Sunday 9 May 2010
Whoever ends up in bed together, the party's truly over
So what now for British politics? All bets are off, because the only certainty is that grim times lie ahead, says Ruth Dudley Edwards
AM I a bona-fide soothsayer?
Well, I did bet a fiver that the Conservatives would have a parliamentary majority and therefore -- even though they're only the biggest party andGordon Brown still squats in Downing Street -- I think I'm morally entitled to take it off the person who predicted that Labour would shave it. And what's more, I did tell several people that Peter Robinson might lose East Belfast -- mainly because I had watched open-mouthed his 25-minute bad-tempered defence on television of a questionable property deal. Sadly, in the midst of the jeers, I failed to insist on a formal bet.
On Thursday night, while most guests at the election party chatted and caroused, I spent more than eight hours gazing at BBC TV and complaining about its dreadful, gimmick-ridden coverage. At 6.10am on Friday, I had a moment of wisdom and told the last two watching that I was now going to bed, as it might take days to resolve this bizarre election. An even greater moment of wisdom came later that day as I cleared up. Instead of throwing out the streamers, leaders' masks, spare balloons and other decorative paraphernalia, I stored them all carefully away for the election that is likely to happen later this year, although I expect I'll have to purchase a substitute for Gordon Brown's mask.
This has been what one commentator called the Mick Jagger election: no one got satisfaction. The Conservatives won 36.5 per cent of the vote, Labour 29.2 per cent and the Liberal Democrats 23 per cent, bringing them respectively 306, 258 and 57 seats and producing a hung parliament. The British public has never cared much about electoral reform, but the Lib Dem leader Nick Clegg had taken their fancy -- even if not many of their votes -- and there is a sense that the present system is too unfair to stay as it is.
Then there were the scenes of frustrated members of the public being denied the opportunity to vote because the polling stations were understaffed and accusations of widespread fraud in a badly supervised postal-voting system. ('UK -- The new Florida or the new Zimbabwe' was the text I received in the middle of the night from a mordant Dublin friend.)
So what now for politics in the UK?
Clegg is spending his weekend weighing up the offers from Labour and Conservatives to help them rule. Brown is so desperate for a deal (a warning voice from within his circle allegedly said, "We don't want to end up like the drunk girl at a party trying to get off with Clegg. You usually see her later in the car park being sick.") that even though he never fancied the Lib Dems he's now offering marriage. But Clegg knows he would be an abusive partner.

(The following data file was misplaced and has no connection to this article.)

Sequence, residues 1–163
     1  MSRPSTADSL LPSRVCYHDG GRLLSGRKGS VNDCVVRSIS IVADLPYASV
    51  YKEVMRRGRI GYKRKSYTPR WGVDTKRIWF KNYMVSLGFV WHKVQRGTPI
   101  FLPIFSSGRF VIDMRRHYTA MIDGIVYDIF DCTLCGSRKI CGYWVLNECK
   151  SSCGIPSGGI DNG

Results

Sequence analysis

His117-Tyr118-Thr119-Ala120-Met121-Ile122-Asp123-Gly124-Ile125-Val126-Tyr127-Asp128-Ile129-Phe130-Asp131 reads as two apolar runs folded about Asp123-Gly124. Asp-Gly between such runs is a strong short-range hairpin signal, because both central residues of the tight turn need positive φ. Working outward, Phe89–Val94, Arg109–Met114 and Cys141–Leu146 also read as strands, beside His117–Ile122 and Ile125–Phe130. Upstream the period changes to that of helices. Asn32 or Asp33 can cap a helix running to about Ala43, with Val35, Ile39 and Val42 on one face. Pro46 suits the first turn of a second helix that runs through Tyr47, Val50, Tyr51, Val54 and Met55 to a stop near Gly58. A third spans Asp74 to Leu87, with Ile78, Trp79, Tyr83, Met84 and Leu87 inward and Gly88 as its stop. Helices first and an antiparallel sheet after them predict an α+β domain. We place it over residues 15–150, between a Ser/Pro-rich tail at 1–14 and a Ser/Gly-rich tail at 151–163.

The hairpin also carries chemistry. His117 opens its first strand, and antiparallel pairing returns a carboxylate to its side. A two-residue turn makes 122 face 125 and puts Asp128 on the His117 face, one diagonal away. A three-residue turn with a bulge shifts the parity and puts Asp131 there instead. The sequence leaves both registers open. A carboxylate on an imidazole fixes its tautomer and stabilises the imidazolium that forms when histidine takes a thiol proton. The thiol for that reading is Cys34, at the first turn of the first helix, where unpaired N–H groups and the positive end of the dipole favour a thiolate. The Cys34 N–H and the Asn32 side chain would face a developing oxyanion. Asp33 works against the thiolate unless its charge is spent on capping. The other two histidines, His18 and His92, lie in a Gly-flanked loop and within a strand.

David Cameron has made it clear that while he's up for it, he is no trollop and would expect to be treated like a lady. And although Clegg knows he'll lose face if he goes home alone, he's afraid of contracting a disease if he has intimate involvement with either of them, and is searching for prophylactics.
If Labour can't do a deal, they'll be out of office, Brown will go, the civil war between socialists (Ed Balls and the Unite trade union) and Peter Mandelson's metropolitans will erupt and will leave so many dead that the party may never recover. The Conservatives would like to be in power, but they know the economy is in a dreadful state, recognise a poisoned chalice when they see one and see the attractions of leaving Brown to clear up his own mess while they prepare for the election that would almost come about within a year.
Few politicians would take such a risk, but David Cameron is exceptional. Vernon Bogdanor, professor of government at Oxford University, who often disagrees with Cameron on policy, considers him one of the ablest students he ever taught, and like Cameron's intimates, sees him as a resilient pragmatist with an extraordinary ability to remain cool under pressure.
Clegg is being sorely tested this weekend. Briefly the Golden Boy of the election, he and his party are eaten up with disappointment at their poor showing in the polls. If he doesn't accept some deal to make it possible for some government to govern, the electorate will take it out on him, and his party's best-ever chance of electoral reform will be lost. Yet his party hate the Tories, a deal with Labour will be seen as a losers' alliance and he knows how damaging it would be to be complicit in imposing the savage public-spending cuts that the markets will demand. And whatever deal is struck may not placate the markets for long.
I'm placing no bets and saying no sooths. The only certainty is that grim times lie ahead.
Ruth Dudley Edwards